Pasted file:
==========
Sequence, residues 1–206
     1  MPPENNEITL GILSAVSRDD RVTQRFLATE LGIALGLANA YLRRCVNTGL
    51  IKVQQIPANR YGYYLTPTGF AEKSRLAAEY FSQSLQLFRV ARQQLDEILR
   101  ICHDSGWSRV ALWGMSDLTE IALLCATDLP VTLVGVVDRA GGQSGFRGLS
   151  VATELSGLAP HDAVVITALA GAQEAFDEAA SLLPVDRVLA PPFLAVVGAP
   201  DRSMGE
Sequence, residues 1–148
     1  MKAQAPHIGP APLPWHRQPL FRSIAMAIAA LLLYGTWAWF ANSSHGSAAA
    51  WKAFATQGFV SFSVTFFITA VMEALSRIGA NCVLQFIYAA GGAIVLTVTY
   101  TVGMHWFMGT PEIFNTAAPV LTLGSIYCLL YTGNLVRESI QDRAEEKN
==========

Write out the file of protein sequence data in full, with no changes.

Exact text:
Sequence, residues 1–206
     1  MPPENNEITL GILSAVSRDD RVTQRFLATE LGIALGLANA YLRRCVNTGL
    51  IKVQQIPANR YGYYLTPTGF AEKSRLAAEY FSQSLQLFRV ARQQLDEILR
   101  ICHDSGWSRV ALWGMSDLTE IALLCATDLP VTLVGVVDRA GGQSGFRGLS
   151  VATELSGLAP HDAVVITALA GAQEAFDEAA SLLPVDRVLA PPFLAVVGAP
   201  DRSMGE
Sequence, residues 1–148
     1  MKAQAPHIGP APLPWHRQPL FRSIAMAIAA LLLYGTWAWF ANSSHGSAAA
    51  WKAFATQGFV SFSVTFFITA VMEALSRIGA NCVLQFIYAA GGAIVLTVTY
   101  TVGMHWFMGT PEIFNTAAPV LTLGSIYCLL YTGNLVRESI QDRAEEKN